It's common for Missouri construction workers to work at elevated levels, using ladders or other equipment to reach desired heights. Sadly, many falls happen on job sites each year: fall-related injuries and fatalities happen more often in construction than in any other industry. Data from the Occupational Safety and Health Administration (OSHA) reveals that falls are the number one cause of death in construction. In 2010, 255 construction workers were killed in falls while working from heights, and over 10,000 workers were injured. The National Institute of Occupational Safety and Health (NIOSH) reports that workplace falls "constitute a considerable financial burden: workers' compensation and medical costs associated with occupational fall incidents have been estimated at approximately $70 billion annually in the United States."
The frequency of workplace falls in the construction industry has prompted OSHA, in partnership with NIOSH, to develop a fall prevention campaign. This campaign is designed to "provide employers and workers with life-saving information and educational materials about working safely from ladders, scaffolds and roofs," according to an OSHA news release. Secretary of Labor Hilda L. Solis stressed that many workplace falls are preventable, provided contractors and construction workers implement fall prevention practices. "Falls are the most fatal out of all hazards in the construction industry, accounting for almost one in every three construction worker deaths," Secretary Solis said. "Our simple message is that safety pays, and falls cost."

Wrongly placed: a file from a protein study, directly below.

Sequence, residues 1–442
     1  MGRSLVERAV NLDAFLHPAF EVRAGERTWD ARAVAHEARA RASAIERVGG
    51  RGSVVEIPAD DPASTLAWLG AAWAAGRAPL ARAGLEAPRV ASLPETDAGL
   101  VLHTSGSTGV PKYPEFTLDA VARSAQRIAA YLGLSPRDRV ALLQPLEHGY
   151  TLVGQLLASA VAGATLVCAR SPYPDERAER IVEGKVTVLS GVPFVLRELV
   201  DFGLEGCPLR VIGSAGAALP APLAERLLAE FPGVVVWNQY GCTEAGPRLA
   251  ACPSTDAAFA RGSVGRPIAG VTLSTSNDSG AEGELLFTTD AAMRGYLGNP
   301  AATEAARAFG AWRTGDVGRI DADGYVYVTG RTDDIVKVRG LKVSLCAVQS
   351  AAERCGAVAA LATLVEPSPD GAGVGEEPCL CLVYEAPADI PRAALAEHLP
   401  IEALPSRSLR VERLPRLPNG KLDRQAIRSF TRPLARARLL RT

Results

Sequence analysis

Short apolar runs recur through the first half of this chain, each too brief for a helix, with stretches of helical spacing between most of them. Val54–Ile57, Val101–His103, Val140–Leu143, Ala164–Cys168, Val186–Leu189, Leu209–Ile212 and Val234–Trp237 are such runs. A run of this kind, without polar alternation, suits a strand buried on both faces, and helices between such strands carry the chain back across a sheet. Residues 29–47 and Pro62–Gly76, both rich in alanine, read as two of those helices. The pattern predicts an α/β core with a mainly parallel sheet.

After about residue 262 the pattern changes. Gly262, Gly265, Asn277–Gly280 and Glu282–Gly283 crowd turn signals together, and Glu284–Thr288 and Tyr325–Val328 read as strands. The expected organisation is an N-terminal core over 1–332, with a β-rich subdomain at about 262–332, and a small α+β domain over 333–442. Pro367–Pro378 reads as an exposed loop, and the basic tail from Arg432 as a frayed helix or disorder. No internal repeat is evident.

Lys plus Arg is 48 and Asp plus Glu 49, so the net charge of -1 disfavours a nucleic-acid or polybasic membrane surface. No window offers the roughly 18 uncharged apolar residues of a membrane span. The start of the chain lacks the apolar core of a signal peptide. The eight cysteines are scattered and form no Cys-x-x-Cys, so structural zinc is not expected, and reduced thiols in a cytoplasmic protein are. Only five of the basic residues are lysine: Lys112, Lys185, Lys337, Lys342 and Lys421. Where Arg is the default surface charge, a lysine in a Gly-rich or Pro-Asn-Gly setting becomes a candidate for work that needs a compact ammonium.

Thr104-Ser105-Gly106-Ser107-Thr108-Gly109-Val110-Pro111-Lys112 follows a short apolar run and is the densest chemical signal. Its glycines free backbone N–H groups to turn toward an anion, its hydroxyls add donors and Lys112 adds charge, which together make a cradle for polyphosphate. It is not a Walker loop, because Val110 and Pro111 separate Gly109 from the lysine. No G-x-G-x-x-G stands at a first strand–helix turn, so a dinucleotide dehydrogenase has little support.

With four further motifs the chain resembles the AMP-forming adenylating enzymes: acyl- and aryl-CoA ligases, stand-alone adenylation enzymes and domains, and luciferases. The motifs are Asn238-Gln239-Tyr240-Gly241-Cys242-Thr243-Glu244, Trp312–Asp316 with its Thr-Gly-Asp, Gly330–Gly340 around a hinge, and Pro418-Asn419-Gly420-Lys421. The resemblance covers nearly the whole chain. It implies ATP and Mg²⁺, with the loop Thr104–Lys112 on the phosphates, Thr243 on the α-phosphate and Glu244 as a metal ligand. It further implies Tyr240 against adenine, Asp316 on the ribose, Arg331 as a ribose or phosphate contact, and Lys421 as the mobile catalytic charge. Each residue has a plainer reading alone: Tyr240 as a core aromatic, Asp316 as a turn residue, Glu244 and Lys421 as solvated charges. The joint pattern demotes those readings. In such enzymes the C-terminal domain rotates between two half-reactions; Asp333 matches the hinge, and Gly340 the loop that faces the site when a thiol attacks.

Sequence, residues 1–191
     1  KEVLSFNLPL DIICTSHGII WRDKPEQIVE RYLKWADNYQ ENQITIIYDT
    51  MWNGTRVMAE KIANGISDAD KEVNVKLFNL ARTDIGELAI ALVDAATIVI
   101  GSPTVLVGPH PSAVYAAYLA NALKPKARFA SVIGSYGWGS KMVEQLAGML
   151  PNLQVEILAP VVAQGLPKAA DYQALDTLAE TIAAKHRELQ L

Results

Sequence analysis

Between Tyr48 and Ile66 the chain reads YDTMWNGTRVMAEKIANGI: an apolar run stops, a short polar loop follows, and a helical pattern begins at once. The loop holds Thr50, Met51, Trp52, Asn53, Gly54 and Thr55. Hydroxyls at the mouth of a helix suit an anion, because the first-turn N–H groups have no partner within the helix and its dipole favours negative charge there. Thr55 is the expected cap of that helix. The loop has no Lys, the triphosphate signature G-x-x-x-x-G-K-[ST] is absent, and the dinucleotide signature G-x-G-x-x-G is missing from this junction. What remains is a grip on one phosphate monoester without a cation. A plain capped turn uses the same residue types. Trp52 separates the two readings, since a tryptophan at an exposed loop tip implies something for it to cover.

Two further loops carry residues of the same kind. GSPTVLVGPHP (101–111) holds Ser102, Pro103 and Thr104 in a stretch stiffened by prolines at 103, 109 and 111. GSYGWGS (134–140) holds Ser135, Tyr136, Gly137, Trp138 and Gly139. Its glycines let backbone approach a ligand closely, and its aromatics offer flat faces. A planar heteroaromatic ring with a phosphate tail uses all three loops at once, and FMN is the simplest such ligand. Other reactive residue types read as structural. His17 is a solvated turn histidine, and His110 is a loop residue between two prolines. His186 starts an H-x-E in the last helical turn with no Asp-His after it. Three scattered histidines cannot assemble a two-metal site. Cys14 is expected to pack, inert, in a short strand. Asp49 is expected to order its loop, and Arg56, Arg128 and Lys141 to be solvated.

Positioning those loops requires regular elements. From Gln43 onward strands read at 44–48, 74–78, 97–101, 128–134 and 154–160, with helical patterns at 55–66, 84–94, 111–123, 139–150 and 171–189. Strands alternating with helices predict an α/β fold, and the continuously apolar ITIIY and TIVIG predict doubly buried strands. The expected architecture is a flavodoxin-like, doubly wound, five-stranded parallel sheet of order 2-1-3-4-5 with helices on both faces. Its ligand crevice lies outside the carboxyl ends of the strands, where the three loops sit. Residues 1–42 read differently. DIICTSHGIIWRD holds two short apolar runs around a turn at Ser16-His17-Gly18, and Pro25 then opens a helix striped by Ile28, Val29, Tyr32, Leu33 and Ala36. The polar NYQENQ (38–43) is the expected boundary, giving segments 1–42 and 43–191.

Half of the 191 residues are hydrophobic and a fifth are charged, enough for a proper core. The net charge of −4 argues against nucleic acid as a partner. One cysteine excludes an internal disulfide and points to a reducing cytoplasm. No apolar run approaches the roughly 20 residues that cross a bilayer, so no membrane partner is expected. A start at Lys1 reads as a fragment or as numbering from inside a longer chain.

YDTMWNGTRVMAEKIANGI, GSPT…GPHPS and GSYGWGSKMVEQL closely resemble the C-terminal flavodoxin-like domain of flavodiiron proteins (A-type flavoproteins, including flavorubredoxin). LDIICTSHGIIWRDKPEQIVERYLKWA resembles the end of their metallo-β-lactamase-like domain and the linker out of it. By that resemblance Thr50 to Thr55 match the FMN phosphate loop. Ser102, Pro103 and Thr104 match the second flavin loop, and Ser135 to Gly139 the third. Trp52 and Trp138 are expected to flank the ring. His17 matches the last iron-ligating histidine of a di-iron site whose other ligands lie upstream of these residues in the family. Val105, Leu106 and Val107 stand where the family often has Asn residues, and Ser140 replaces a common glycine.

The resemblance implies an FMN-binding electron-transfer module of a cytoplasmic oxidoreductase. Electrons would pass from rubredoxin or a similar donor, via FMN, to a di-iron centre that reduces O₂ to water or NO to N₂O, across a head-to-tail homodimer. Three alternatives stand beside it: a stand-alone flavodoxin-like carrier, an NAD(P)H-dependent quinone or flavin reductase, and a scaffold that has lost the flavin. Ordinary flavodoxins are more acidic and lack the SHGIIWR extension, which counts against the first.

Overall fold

OSHA and NIOSH have coordinated with the National Occupational Research Agenda (NORA) program to create some basic fall prevention tips. The campaign provides various materials to promote three core messages (plan, provide, and train).
• Contractors and workers can plan together, before every job, to work safely at heights.
• Contractors must provide the right equipment for working at heights, and workers need to use that equipment.
• Contractors and workers need to be trained to use the equipment and to work safely.
Multiple factors can contribute to workplace falls, including the following:
• Walking/working surfaces that are wet, cluttered, or unstable
• Unprotected edges
• Floor holes and wall openings
• Unsafely positioned ladders
• Misused fall protection/poor fall protection training
"We have often heard the old adage, 'Plan your work and work your plan,'" said R. Ronald Sokol, president and CEO of Safety Council Texas City, in a recent interview with NIOSH eNews. "This statement is the foundation of the risk management philosophy to eliminate falls from heights. Without proper planning, workers are placed in a reactive mode based on their limited knowledge plus experience and expertise. Proper planning is used to greatly limit fall exposure."
For more information about workplace fall prevention, visit StopConstructionFalls.com.